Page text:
8. jaranath says

    I know nothing about programming…but would remote-hosting games prevent, or at least nearly eliminate, the possibility of cheating to add/duplicate items as leftwingfox discusses in D2? If so, is that why they’re doing it?

  9. leftwingfox says

    Jaranath: Yep, that’s exactly why they did it. It should work, since that’s the same strategy they use for WoW.

    Fortunately, I don’t think gold farming will be as effective here as it is in, say, WoW. There’s no persistent world that people are sharing, so you aren’t seeing mining nodes being monopolized by career farmers. The worst that will happen is that that rare items will flood the system, bringing the price of those possible purchases way down. We’ll probably see a fair bit of inflation in the the in-game-gold-based auction house, but the Real Money house will probably see prices driven down by farmers.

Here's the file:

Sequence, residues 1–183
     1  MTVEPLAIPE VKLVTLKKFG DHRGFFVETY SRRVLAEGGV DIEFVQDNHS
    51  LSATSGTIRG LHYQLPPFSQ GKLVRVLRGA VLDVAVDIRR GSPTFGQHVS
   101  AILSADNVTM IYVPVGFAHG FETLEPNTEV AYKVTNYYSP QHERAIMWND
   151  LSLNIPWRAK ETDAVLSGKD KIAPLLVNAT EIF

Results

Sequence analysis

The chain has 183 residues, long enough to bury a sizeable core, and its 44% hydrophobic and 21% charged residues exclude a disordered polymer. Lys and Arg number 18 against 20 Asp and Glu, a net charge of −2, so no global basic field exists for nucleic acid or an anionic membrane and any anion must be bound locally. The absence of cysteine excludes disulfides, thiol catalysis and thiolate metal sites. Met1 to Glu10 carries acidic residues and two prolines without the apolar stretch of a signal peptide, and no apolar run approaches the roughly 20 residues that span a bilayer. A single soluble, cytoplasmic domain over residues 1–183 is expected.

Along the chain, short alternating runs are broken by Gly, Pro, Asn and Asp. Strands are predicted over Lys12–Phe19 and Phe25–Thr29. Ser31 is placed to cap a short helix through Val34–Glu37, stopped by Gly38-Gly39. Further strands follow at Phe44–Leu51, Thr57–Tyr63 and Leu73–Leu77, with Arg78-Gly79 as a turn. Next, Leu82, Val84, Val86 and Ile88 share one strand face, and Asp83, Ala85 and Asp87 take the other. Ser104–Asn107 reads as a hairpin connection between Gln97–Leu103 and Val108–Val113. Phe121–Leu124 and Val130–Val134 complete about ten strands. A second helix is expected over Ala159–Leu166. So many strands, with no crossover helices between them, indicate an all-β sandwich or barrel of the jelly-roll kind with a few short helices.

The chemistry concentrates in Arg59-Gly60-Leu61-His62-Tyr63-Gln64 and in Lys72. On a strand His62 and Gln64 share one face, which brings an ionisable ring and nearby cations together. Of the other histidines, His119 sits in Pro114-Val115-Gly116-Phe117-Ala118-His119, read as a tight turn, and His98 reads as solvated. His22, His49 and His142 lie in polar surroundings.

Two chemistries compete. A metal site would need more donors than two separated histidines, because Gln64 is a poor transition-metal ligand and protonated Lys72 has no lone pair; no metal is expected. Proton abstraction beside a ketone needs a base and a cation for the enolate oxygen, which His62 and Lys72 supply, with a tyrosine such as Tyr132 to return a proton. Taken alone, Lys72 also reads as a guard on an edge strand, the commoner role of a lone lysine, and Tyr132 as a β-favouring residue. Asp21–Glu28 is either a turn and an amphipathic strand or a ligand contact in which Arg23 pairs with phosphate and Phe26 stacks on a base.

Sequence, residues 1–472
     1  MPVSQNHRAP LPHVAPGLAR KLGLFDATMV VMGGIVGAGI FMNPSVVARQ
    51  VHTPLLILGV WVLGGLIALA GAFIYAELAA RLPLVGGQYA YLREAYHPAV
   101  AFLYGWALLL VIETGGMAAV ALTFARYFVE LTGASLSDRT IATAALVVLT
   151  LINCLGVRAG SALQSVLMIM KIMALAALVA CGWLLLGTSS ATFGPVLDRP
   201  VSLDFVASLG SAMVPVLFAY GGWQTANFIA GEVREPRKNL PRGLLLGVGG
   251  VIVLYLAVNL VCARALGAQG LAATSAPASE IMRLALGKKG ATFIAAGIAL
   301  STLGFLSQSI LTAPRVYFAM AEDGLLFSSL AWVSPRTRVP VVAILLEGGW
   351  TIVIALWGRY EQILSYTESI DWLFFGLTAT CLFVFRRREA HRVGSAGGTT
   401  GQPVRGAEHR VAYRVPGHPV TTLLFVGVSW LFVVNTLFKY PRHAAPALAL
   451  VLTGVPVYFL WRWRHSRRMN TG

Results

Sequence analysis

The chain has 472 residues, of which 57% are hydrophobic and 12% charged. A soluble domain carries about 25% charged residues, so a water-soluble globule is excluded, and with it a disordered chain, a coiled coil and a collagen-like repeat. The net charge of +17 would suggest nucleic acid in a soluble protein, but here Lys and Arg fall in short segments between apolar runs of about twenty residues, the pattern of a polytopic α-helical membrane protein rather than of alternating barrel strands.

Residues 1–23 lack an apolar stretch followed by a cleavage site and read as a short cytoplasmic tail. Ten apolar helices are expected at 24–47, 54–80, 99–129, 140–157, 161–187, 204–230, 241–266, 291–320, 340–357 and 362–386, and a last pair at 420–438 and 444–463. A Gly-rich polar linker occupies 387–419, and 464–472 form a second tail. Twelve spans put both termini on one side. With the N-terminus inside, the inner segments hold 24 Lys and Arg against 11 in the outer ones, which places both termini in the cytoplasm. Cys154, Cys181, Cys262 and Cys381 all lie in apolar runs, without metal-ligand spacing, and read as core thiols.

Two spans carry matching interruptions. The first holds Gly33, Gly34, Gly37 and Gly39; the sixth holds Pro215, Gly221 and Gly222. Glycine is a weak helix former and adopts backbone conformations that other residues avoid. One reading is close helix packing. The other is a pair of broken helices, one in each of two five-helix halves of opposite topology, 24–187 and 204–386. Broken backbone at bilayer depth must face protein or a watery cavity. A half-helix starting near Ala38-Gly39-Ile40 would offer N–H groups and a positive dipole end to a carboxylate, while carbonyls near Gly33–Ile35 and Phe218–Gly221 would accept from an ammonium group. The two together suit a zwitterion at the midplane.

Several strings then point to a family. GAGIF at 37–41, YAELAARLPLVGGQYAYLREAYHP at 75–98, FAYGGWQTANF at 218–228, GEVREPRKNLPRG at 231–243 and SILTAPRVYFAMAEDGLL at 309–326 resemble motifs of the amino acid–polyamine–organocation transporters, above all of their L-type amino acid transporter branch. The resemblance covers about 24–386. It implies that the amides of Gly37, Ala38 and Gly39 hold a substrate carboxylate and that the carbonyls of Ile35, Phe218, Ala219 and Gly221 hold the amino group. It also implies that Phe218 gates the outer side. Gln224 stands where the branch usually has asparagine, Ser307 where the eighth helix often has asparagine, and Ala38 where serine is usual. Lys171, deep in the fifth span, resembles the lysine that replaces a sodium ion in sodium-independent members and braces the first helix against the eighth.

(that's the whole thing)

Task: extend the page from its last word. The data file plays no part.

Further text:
10. Gregory in Seattle says

    @herp #5 – Farming does not reduce the appearance of rare items, but it does encourage a kind of cut-throat competition for them that greatly discourages more casual players — read, those not being driven by real-world financial reward — from making the attempt. The end result is that the only people who have Rare Item X are the ones who make their living by camping it repeatedly.

    Granted, Diablo III does not have the scope of a full-fledged MMORPG. Even so, farming is going to be a problem in any shared world. If I end up with a group of farmers every time I try to get Rare Item X, I will eventually just stop trying.

  11. leftwingfox says

    Even so, farming is going to be a problem in any shared world. If I end up with a group of farmers every time I try to get Rare Item X, I will eventually just stop trying.

    Actually, they seem to have thought of that too. Loot drops individually for each player and is only visible to those players on their screen. So if you run with a buddy and the skeleton drops something, you each get a piece of loot, and have no way of swiping someone else’s goodies.